Surrealism, that hoary old conglomeration of Freudian psychoanalysis and good old-fashioned turn of the century French decadence, never really took off in this country, for a number of reasons. Herbert Read helps to clarify matters in long essay on the subject, where he defines aesthetics not in terms of historical forward momentum - symbolism overturning realism; Modernism overturning symbolism; the Movement overturning Modernism, and so on into the sunset - but as a continuous Manichean struggle between Classicism and Romanticism. The Classical impulse is towards linguistic and formal order, intellectuation and orchestration, the Romantic towards an overabundance of imagination, a realiance upon organic rather than imposed form (Creeley's dictum that 'Form is never more than an extension of content' comes to mind). It's an oversimplifcation - or my rendering of Read's argument is a crude oversimplification - but it's a useful one. Generally, British poetry hasn't trusted Romanticism until its practitioners are good and dead (Keats and Shelley helped matter by dying young), or can be proven without a shadow of a doubt to adhere to old fashioned Tory principles (step forward, Bill Wordsworth). When they're alive and kicking, writers of a Romantic bent tend to be labelled hellraisers, poetasters and general disruptors of the common good: those writers most lauded in the public imagination, at least in the twentieth century, are of a distinctly Classicist hue: Auden, Eliot, Larkin, Betjemen, all fit the pattern, however greatly their work varies in terms of its aesthetic choices.
Unsurprisingly, Read sees the Surrealists - both on the continent and in Britain - as following the Romantic camp, and his reading of the British Surrealist movement attempts to place them within a tradition of Anglophone visionary writing, including Blake and Coleridge, looking further back to Christopher Smart and the Book of Revelation as founding texts for Brit-born Surrealist practice.
Another reason Surrealism didn't quite take is that it swiftly mutated into something quite different, as its chief exponents - David Gascoyne, Hugh Sykes Davies, Humphrey Jennings - found themselves drawn towards other methods of expressing their poetic vision. In Gascoyne's case, the limitations of orthodox Surrealism quickly made themselves felt, and his later work fits broadly into the category of mystic of religious visionary writing. Sykes Davies only produced a small handful of strictly Surrealist poems and, whilst powerful, he rapidly shed that method of composition, and moved towards instead a brand of Eliotean high Modernism, as a critic and a writer. Jennings, meanwhile, was a pioneer of documentary film-making, as well as having a hand in the foundation of the Mass Observation movement, though neither career-branch was entitrely free from the influence of Surrealist philosophy. Aside from the defection of its high priests, British Surrealism was, more importantly, overshadowed by the internationalist Modernism of Pound and Eliot, and the more meliorative elaboration on Modernism proposed by Auden, Spender, MacNeice and Day-Lewis. Later, the New Apocalyptics - Henry Treece, Dylan Thomas, Nicholas Moore, and Norman MacCaig amongst them - raked up the embers of Surrealism, but it was never a coherent movement, and was equally afflicted with the defection and ambivalence of its individual members as British Surrealism had been.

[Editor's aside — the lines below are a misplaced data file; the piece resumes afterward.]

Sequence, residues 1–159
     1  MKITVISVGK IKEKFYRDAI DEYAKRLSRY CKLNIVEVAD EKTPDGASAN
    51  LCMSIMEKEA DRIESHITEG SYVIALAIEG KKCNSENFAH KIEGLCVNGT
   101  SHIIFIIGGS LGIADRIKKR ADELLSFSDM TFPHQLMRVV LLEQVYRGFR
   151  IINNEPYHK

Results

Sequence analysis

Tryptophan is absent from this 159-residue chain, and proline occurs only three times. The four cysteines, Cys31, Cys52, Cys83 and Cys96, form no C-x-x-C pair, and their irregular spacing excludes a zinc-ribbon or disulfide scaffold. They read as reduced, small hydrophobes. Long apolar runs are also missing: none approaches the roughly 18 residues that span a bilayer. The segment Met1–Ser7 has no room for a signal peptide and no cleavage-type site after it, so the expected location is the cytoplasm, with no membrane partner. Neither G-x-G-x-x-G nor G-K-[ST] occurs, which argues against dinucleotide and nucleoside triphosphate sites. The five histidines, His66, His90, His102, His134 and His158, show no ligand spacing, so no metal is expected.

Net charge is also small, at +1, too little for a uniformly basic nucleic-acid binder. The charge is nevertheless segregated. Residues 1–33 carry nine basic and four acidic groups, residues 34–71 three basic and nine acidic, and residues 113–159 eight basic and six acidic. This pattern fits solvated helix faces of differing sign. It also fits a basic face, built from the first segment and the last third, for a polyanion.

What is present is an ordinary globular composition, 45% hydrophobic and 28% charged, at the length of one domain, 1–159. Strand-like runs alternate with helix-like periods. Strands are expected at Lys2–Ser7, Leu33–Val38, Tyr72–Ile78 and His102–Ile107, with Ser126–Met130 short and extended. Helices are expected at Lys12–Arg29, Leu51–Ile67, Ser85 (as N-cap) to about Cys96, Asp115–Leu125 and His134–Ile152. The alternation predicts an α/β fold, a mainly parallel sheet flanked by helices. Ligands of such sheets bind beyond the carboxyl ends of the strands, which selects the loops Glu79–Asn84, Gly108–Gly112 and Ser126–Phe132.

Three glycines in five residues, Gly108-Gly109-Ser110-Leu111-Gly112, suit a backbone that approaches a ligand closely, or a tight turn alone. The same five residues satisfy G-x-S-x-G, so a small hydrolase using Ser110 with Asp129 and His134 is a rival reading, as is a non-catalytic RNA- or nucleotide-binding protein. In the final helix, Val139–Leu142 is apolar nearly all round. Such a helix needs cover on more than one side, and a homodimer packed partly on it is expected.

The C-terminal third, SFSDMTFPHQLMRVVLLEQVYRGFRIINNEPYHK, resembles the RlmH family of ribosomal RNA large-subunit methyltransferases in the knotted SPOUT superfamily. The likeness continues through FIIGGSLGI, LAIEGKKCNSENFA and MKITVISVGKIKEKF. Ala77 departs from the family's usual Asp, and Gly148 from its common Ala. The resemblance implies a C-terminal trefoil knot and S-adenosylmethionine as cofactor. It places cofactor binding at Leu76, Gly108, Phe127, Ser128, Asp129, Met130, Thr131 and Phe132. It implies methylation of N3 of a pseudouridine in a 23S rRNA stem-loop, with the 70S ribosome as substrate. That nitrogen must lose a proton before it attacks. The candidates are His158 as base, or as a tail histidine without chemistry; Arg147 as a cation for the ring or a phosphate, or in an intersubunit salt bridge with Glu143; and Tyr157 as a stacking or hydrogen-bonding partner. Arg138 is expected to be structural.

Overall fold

What will follow over the next few weeks will be a series of short sketches of the leading figures of British Surrealism: what I think their important works were, why I think they matter, and why I think they're ripe for re-engagement. Don't say you weren't warned. First up: Hugh Sykes Davies.